Infertility is one of the most difficult obstacles I have ever had to face. It afflicts so many, but yet it seems like so few because it is terribly isolating and painful to experience first hand. I’m writing this with hope that someone will be able to identify with my experience and find the strength to tackle infertility head on and know that there can be a light at the end of the tunnel. My wife and I struggled with infertility for years, and I am happy to say that we have a positive outcome; we are now proud parents of a little boy from South Korea. Plus, we have been matched with another little boy that we expect to come home early next summer! To say that adoption has changed our lives for the better would be a profound understatement.

I’m getting ahead of myself a bit; I’ll start at the beginning. My wife and I went through several rounds of fertility treatments, which is to say that we have been poked and prodded to the point where we felt like cattle being hustled through the system. I’ll never forget my first trip to the andrology lab for a “male work-up.” That makes it sound much more glamorous than it actually is. You sit in a cold, clinical waiting room where you feel everyone’s eyes burning holes in you while you wonder if they know what you are about to do back there. Fortunately, after the first time it gets much easier. After a couple of cycles, you end up walking in there like you own the joint.
“Hey Linda, good to see you again, but hopefully this is the last time.”

We started with intrauterine insemination's (IUI) complemented with clomid and ovidrel. This process is like an arms race with infertility, gradually escalating until one of you blinks. For us this first step is where things started getting complicated. It started with a cyst on my wife’s ovary (not uncommon with clomid). She was in extreme pain both physically and emotionally and we waited for it to resolve itself. When we started back up, we tried a natural IUI (no drugs), and got pregnant! Unfortunately, we miscarried after just six days.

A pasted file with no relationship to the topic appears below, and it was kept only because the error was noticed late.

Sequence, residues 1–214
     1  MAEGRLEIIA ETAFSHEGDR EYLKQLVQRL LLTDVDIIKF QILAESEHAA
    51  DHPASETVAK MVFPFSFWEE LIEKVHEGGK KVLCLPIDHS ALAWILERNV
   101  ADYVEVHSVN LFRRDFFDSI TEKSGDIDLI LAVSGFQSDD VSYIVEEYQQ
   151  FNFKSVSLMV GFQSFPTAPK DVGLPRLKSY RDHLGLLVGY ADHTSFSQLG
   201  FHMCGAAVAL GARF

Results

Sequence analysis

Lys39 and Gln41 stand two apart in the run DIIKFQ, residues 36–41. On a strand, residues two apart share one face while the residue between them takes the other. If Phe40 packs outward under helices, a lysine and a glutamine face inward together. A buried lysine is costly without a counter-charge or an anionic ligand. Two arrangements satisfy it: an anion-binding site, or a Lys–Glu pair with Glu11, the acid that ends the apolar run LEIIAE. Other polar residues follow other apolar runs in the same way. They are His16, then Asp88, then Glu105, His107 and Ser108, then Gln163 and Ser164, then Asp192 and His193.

Unbeknownst to us, my wife had a silent case of raging endometriosis that came roaring to life with the introduction of clomid. Very quickly our focus shifted from growing our family to bringing my wife back to health. This was awful. Infertility is a strain on your relationship as it is; you really have to be a team and rely on one another for support. The emotional roller coaster of hope and despair can be debilitating. When my wife started showing severe symptoms of endometriosis, it was almost too much. First it was infertility, then the miscarriage, now this. We had a lot of guilt, mostly because we didn’t listen to out gut instincts. We jumped right to the drugs. It is so easy to get caught up in the statistics and how adding this or doing that can increase your chances. Needless to say, it was a very trying time for us.

The pain got so bad that two or three days a month my wife would be in bed in unbelievable agony. That was torture for both of us- obviously physically for her, but it was incredibly difficult for me to stand there helpless watching the love of my life writhe in agony. This went on for several months before my wife finally had laparoscopic surgery to clean out the disease. Her doctor said it was one of the worst cases of endometriosis that he had ever seen. This was when we started considering what we were willing to risk to have a baby, and when we started to realize what we really wanted was to be parents.

Our doctor said that our only meaningful chance of conceiving a biological child was to pursue in vitro fertilization. Unlike so many, the money wasn’t a problem for us because my wife’s insurance would cover three rounds of IVF. But the more we researched the procedure and the powerful drugs it entailed, the more we realized that it just wasn’t worth the risk to my wife’s health. I just couldn’t stand to see her struggle with the bouts of pain from that god-awful disease again. No, it wasn’t worth it to me to face that again.